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The problem of treating young people as children – the Caterpillar to Butterfly Fallacy.

Published in Personalised Education journal, 2011.

There are a number of reasons why it is difficult to get adults to treat the views of young people seriously. And because of this syndrome we have problems in convincing many adults to accept a truly personalised education that responds to what the young person wants and needs.

The Fallacy

One error is what I have labelled the Caterpillar to Butterfly Fallacy. To explain that I have to say a little about caterpillars and butterflies first.

When I was younger I would sometimes find myself in fusty museums. Some of these would have glass fronted cases containing displays of butterflies all neatly pinned down and labelled. The butterflies were beautiful but I could never gather up much enthusiasm for the idea of killing them in order to pin them in cases. However the people who did this were clearly impressed with the qualities of butterflies such that they wanted to collect them.

In all the places I visited I never saw a collection of caterpillars. Caterpillars are seen by many as a necessary nuisance (they eat stuff in your garden) but the transformation via the chrysalis phase means that the adult version of the caterpillar (the butterfly) is valued as beautiful and of specific worth.

It appears that many adults have a similar view of the transformation that is supposed to happen when moving to adulthood. The child (caterpillar) is a necessary nuisance that will eventually transform into a fully-functioning adult (butterfly) – and it is the latter that matters in society. One interesting phenomenon here is the use of language that separates out young people (children) from real persons (adults). Just as we recognise that caterpillars are a distinct phase and need treating differently to butterflies, so by labelling those under 18 as children and those over 18 as persons there is the basis for discrimination.

Soon, via the Raising of the Participation Age, all young people under 18 will be compelled to be in education or training. Somehow there is the assumption that there is a complete distinction between a person under 18 (not allowed to make decisions for themselves) and the over 18s who are free to decide things for themselves. By using a different label for a young person (child) there is the assumption that this phase of life (caterpillar phase) has to be treated differently from the phase of being real persons (butterflies). Children can then be assumed to be unable to make sensible decisions about what they need to learn since they are given a different label and put into a separate category from persons. Indeed I have often run into problems by talking about the 7-16 year olds that we work with as ‘young people’. Those in authority tend to think (and official documents can back this up) that ‘young person’ means someone aged, say, 18-25. You only become a person at 18 in this view of the world.

In an ideal world it would be great to banish the term ‘child’ as it plays into the Caterpillar to Butterfly Fallacy. The language allows for a faulty view of the world. Young people are not a separate category of humans yet they can be treated as such. I once worked with a Government department on encouraging the role of young people in policy making. I found that all their surveys of what people wanted excluded under 18 year olds. Not a single piece of market research asked the under 18s. They were assumed to be non-persons and therefore of no interest to policy makers. Yet young people clearly had views about what this department was engaged in – and to be fair to the senior civil servants involved they eventually recognised that they needed to make fundamental changes in their processes of consultation. However their starting point was clearly that ‘children’ did not count as persons and were therefore made invisible by senior people. It reminded me of the adult exhortation when I was younger that ‘children should be seen and not heard’ (used to keep us youngsters quiet when adults were around – yet under their control by being seen).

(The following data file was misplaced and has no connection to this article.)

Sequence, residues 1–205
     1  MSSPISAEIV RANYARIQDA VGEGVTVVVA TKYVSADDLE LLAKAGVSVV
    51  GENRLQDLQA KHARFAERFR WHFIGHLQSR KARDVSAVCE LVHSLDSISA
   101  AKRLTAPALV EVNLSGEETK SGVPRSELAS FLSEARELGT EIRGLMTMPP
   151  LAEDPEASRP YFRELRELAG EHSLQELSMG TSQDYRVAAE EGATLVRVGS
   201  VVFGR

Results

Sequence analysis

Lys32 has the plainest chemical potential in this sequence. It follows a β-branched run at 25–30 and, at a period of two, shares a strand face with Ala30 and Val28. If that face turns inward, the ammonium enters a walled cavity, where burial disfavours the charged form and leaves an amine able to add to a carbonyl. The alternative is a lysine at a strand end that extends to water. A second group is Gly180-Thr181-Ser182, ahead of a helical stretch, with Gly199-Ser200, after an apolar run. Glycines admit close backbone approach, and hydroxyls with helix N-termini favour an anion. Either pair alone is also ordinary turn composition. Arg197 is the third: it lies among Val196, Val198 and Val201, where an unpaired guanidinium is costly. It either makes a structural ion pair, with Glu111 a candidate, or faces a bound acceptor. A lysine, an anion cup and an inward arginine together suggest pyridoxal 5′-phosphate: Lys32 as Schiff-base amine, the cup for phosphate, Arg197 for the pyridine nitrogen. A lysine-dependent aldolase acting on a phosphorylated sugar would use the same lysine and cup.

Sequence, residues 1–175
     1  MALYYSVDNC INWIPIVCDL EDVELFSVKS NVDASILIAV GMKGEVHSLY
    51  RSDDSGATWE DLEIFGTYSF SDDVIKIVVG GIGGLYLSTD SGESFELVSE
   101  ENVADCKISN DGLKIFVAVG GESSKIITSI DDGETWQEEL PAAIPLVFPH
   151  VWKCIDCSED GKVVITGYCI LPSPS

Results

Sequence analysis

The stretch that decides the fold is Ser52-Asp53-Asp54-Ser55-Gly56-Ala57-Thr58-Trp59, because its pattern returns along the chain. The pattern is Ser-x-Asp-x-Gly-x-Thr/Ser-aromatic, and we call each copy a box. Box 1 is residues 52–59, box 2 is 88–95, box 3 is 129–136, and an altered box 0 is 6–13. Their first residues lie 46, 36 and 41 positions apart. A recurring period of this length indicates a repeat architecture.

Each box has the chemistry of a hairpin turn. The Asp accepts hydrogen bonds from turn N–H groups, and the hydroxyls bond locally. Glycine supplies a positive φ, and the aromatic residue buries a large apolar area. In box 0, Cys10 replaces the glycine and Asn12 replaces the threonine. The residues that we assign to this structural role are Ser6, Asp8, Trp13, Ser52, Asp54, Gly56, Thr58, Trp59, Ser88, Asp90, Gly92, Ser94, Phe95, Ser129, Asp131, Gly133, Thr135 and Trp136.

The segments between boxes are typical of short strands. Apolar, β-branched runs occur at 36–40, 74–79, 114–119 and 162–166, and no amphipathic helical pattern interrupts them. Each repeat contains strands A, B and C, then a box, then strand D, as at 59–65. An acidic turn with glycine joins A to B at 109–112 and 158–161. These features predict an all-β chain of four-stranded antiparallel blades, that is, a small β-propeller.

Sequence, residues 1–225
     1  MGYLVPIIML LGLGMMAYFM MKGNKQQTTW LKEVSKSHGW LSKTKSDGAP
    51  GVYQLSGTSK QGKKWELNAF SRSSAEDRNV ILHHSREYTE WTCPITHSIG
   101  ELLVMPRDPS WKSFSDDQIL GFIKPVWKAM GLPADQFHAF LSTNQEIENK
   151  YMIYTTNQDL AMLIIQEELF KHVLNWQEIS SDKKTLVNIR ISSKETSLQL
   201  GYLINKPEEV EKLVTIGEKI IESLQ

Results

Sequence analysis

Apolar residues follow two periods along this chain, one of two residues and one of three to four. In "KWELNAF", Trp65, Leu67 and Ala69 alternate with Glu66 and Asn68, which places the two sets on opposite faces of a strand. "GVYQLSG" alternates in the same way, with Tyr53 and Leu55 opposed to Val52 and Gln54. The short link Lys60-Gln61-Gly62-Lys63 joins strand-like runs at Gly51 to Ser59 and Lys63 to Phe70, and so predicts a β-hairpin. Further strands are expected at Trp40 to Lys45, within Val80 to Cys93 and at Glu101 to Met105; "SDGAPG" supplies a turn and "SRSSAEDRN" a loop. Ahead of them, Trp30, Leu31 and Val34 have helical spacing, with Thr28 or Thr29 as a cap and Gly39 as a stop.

The Caterpillar to Butterfly Fallacy assumes a magic transformation that occurs when a child becomes an adult. However the analogy clearly breaks down as there is no chrysalis phase. There is no magic transformation that occurs at 18. Young people under 18 are autonomous human beings, whether adults like it or not.

The error of schooling

The classic error in schooling is to assume that what is taught equals what is learned. Based on the idea that children are less than properly human and in need of moulding to fit adult society, teaching is designed to pour in knowledge to make children fit to enter the adult world. In reality young people choose what they want to learn anyway. They actively ignore the subjects that they don’t like and make their own choices about what to pay attention to. If teaching worked every young person would get all A* results in GCSEs.

Conclusion

Those of us who work with young people need to take seriously the role of language and of assumptions about young people. We have to be active in challenging erroneous thinking by policy makers and the educational establishment otherwise we will not make progress in supporting the rights of young people.

The UNICEF report of 2010 on ‘child inequality’ in 24 OECD countries put the UK in the next to bottom group of countries – only beaten by three other countries for poor performance in addressing ‘child inequality’. This is indicative of attitudes in the UK to young people and it needs to change. The empty rhetoric of the educational establishment about ‘doing more for children’ (young people), but still wanting to control them, won’t do. It has to be tackled head-on.

Ian Cunningham, March 2011
www.college.selfmanagedlearning.org